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100 Women: The women who sew for Nasa

By Mary Halton
100 Women

image copyrightNASA/JPL-Caltech

Without its seamstresses, many of Nasa's key missions would never have left the ground.

From the Apollo spacesuits to the Mars rovers, women behind the scenes have stitched vital spaceflight components.

One of them is Lien Pham, a literal tailor to the stars - working in the Jet Propulsion Laboratory's shield shop to create thermal blankets, essential for any spacecraft leaving Earth.

It may not sound glamorous, but Lien does work with couture materials.

The Cassini mission, her first project at Nasa, went to Saturn cloaked in fine golden insulation for durability over its 19-year journey.

Your shoes have more in common with interplanetary spacecraft than you might think - thermal blankets are created on the same industrial sewing machines as footwear, and then laced onto the spacecraft so they don't come loose during launch.

image copyrightNASA/JPL-Caltech

Growing up in Vietnam, Lien "never dreamed" of working for Nasa, least of all sewing for the space agency.

But when her family fled the country in the late 1970s after the fall of Saigon, she found herself in the US, needing to make enough money to support six siblings.

The family bought two sewing machines and began to sell clothes from their home, sewing by night.

"We did dresses, blouses, shirts, and other things. We got paid maybe 50 cents per garment," she tells 100 Women.

What is 100 Women?

BBC 100 Women names 100 influential and inspirational women around the world every year. This week marks 150 years since the birth of Marie Curie and we are celebrating women in science all week. Join us on Facebook, Instagram and Twitter, and let us know about your favourite scientists on #100Women

Working a day job at a lingerie company, once a week Lien went to electrical engineering classes.

At that time, engineering was a booming business in California. And Nasa were hiring.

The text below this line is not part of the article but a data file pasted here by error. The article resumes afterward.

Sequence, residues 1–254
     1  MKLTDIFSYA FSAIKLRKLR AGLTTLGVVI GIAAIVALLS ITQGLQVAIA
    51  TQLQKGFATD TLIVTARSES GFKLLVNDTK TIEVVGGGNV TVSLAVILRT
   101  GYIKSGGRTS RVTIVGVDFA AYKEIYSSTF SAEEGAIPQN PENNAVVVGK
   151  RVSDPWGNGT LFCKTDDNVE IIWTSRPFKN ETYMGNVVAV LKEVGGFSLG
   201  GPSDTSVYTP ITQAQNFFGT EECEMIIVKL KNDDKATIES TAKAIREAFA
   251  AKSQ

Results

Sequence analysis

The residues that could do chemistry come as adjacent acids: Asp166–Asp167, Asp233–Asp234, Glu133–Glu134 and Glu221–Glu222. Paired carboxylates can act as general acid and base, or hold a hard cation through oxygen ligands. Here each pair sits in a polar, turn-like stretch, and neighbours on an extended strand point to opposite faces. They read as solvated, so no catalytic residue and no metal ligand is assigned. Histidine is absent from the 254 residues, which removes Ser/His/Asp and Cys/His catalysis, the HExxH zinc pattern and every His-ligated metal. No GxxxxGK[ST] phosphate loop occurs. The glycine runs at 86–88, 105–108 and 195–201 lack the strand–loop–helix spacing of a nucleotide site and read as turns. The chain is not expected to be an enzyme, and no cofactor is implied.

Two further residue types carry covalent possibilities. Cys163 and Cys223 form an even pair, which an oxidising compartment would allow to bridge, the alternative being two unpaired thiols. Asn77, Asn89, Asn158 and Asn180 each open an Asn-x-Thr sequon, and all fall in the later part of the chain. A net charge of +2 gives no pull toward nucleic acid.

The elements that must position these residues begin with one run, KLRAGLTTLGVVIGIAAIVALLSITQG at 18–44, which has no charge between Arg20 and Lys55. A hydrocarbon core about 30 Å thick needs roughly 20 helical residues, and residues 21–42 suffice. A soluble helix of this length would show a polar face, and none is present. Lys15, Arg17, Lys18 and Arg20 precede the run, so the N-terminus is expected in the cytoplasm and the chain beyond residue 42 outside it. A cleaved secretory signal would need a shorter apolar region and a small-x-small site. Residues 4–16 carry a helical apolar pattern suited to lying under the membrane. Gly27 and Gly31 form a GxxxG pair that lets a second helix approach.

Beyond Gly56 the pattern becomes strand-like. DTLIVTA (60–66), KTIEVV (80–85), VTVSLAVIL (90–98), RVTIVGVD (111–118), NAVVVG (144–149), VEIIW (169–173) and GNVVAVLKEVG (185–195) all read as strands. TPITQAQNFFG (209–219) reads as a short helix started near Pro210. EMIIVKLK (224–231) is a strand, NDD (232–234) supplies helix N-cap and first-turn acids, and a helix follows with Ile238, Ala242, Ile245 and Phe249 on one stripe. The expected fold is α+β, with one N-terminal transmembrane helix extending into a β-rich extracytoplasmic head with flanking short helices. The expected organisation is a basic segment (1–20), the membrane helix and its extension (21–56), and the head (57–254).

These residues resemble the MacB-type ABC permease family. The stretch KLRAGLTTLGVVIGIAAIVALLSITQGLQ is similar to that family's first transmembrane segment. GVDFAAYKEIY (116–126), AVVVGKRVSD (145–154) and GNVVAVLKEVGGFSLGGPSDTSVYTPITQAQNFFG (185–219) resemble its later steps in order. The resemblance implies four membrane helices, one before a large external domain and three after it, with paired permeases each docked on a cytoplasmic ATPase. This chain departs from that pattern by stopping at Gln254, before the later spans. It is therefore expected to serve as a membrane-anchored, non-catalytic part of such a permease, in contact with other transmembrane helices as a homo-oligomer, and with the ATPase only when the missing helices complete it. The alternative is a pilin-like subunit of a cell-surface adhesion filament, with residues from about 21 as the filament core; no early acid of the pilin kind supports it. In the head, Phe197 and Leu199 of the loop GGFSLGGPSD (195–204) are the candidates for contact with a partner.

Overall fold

Lien's friend recommended that she apply for a job at the Jet Propulsion Laboratory and in 1994 she started work at the space agency - on the cabling team for the Cassini mission to Saturn.

The intricate job of connecting all the separate scientific instruments on the spacecraft to a central power supply was very demanding - it took her team three years.

"Just like a sewing factory is mostly women… cabling is mostly women because we're good with our hands," she says.

image copyrightNASA/JPL-Caltech

The thermal blanketing team, or the shield shop as it's known, is a small group made up mostly of women. They carefully stitch together over 20 individual layers - some just 1/1000th of an inch thick.

Each blanket is patterned, measured and fitted, like the finest suit.

"It's all tailored," Lien explains, "all hand made."

Nasa hires women with sewing experience for a reason. When engineers couldn't figure out how to work with Teflon - the non-stick material that coats many saucepans - they were at a loss.

Lien suggested folding the edge of the material and sewing it like a hem, as she would with a shirt at home.

It worked.

image copyrightRaytheon photo courtesy of David Meerman Scott

Lien is the latest in a long line of women whose crafting skills have been vital to Nasa. During the Apollo programme, which sent the first humans to the moon, employees at defence contractor Raytheon were employed to "weave" the software for the spacecraft.

Referred to as the "little old ladies", many of them were in fact young women, threading copper wires through tiny magnetic loops to create the individual ones and zeros of programme code. Their role in this time consuming and incredibly precise process was largely invisible to the outside world.

Similarly, the seamstresses of lingerie brand Playtex pioneered new sewing techniques to create the Apollo spacesuits. Working to unprecedented levels of precision, and often late into the night, their innovations made human spaceflight possible.

Much like the hidden figures of Nasa's aeronautics research facility, many of their stories go untold.

However, for Lien, the work itself is a dream come true.

"I would look up at the sky when I was little, and I thought it would be nice to touch one of those stars. But then I came here and got to build something that would go there."

"Never in my imagination could I have believed that."

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